European Innovation Council: Making Science Fiction Reality

Making Science Fiction Reality

“The ambitions of the EU Green Deal: climate neutrality, circular models, and the Chemicals Strategy for Sustainability, are huge. The only solution to achieve these ambitions is innovation. Sometimes we can develop solutions within our companies, but sometimes we need to look outside our boundaries to innovate. Start-ups could be an answer” says Pierre Barthelemy, Cefic’s Innovation Executive Director, at a Cefic workshop to introduce the European Innovation Council (EIC) and how the chemical industry can benefit, on 29 April 2021. “The European Innovation Council can help us connect to the world of start-ups”, he continued.

The European Commission launched the fully-fledged European Innovation Council (EIC) in March 2021. This funding programme has a budget of over €10 billion for 2021-2027 to develop and expand breakthrough innovations. The EIC builds on a successful pilot programme under Horizon 2020, which supported around 6000 small and medium-sized businesses (SMEs) and start-ups, as well as over 330 research projects with a budget of €3.5 billion. “This is the first time a programme is dedicated to disruptive technologies” saysKeith Sequeira, EIC Head of the Governance and Coordination Unit, “It combines visionary research on emerging technologies with an accelerator programme to scale up innovative start-ups and SMEs”.

Several Cefic members have already launched a successful collaboration with the EIC and the corporate days. According to Lucresse Van Wonterghem, leading on Open Innovation – Connect and Develop at P&G, “Successful pilots equals true business, thus continued business. We do not just run pilots, we incorporate the technology within our company so that the startups can grow together with us. If we have good success with pilots, we strive to grow that success.  If not for the EIC enabling the multi-company approach, P&G on its own would not have had identified particular start-ups and innovative SMEs.”

Jens Busse, Investment Manager at Evonik Venture Capital, participated in Evonik’s EIC corporate days in 2019 and 2020, on Healthcare and on Sustainability and Circular Economy, respectively. “A close discussion between start-ups and representatives from Evonik was a good opportunity for these companies to present their products and get firsthand feedback from the industry. From our side, we could get in contact with a good selection of start-ups, which resulted in some ongoing collaborations and potential future investments”.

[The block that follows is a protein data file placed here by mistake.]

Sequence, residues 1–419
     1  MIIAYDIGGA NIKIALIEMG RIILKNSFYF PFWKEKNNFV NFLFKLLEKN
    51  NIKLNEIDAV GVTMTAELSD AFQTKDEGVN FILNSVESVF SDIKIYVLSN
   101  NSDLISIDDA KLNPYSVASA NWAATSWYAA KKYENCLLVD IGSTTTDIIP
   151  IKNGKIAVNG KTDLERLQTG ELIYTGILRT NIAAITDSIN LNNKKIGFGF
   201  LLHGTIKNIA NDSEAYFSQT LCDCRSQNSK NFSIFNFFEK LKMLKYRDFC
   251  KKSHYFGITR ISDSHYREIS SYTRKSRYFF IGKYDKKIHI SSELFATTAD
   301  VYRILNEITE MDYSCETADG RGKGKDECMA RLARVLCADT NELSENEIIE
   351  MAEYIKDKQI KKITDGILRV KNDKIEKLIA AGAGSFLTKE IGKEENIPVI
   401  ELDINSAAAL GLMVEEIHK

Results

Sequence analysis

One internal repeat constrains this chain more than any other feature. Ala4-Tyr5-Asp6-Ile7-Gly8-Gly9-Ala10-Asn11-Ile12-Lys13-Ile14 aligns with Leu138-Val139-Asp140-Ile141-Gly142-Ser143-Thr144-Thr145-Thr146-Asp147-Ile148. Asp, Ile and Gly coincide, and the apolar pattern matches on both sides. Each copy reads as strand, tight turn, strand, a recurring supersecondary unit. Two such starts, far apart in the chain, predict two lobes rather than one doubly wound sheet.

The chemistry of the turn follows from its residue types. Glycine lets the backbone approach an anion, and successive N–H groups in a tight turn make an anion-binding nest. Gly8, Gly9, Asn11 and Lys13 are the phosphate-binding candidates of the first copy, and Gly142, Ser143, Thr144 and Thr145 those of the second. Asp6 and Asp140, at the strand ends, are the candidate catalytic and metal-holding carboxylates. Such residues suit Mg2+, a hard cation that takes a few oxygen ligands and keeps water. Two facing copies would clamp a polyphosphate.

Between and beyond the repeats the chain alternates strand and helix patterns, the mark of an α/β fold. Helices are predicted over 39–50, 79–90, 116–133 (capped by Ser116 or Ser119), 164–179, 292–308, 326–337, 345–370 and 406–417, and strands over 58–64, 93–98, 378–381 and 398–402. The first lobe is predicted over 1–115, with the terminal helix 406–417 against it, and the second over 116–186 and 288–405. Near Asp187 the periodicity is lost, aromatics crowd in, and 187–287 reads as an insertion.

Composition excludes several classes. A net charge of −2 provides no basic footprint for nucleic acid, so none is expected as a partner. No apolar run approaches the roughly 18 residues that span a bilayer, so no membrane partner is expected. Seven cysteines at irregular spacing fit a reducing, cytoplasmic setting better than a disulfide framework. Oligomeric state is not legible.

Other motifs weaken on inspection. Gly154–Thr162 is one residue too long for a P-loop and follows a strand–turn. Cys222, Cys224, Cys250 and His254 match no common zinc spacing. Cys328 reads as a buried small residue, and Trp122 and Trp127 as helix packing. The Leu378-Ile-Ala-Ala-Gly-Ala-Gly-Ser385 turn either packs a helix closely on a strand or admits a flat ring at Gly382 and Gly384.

What does success look like?

The Corporate Days organized by EIC  offer an opportunity for the start-ups and SMEs to sign deals with corporations. For corporations looking to invest, this initiative offer access to research results of radically new technologies, prototypes, and the most promising start ups, SMEs already financed by the EIC, which enhances the quality of the technology offers for the corporations. Therefore, if an organisation decides to invest, the financial risk would be shared with the EIC. According to Manuel Mendigutía, EIC Strategy Advisor and Programme Coordinator, “our average success rate is 26%. 1 in 4 EIC beneficiaries selected for a Corporate Day signed a follow up deal in less than six months with a Corporate although the gain from the startup-Corporate collaboration goes far beyond for all sides involved in the programme”. The investments would ultimately help Europe’s recovery from the economic crisis and accelerate the transition to a green and digital economy, answering challenges related to the European Green Deal.

How does it work?

Financial support is provided through three main instruments, the “EIC Pathfinder” for advanced research on breakthrough/game-changing technologies, “EIC Transition” for transforming research results into innovation opportunities and the “EIC Accelerator” for individual SMEs/Sartups/Scaleups to develop and scaleup breakthrough innovations with high risk.

A key novelty in Horizon Europe is the “EIC Fund”, a unique entity owned by the European Commission and established to make  direct equity investments in companies selected for the EIC Accelerator from €0.5m to €15m. The EIC Fund aims to crowd in other investors, further sharing risks by building a large network of capital providers and strategic partners including CVCs suitable for co-investments.

The programme is open to all industries, but only ideas to radically change technologies will be selected. An example from the chemical industry includes a sustainable “chemical factory of the future”, CLASSY, through the development of a new self-regulating chemical reactor that will result in close to zero waste streams, under Horizon 2020.

To speed up innovations, the EIC does not just provide financing. The EIC Business Accelerator Services helps scale up the technology readiness and growth of highly innovativecompanies by providing access to advice (mentors and coaches), to business partners (Corporate Partnership Programme, Procurers days pitches to investors) and to international trade fairs (Oversees Trade Fairs) all under the a tailor-made platform, the EIC Community. A whole package of partnerships is offered to scale up. “It allows projects to mature from lab results to a credible alternative for investment” says Viorel Peca, EIC Head of Unit of Transition and Business Acceleration Services.

What’s next?

The Future of chemistry requires the chemical industry to accelerate chemical innovations. The European Innovation Council offers a market opportunity to turn the most innovative ideas into commercial technologies.

The envisaged next step to get even more benefits from the collaboration between the chemical industry and the EIC’s ecosystem is a multi-corporate day around sustainable chemicals along the value chains.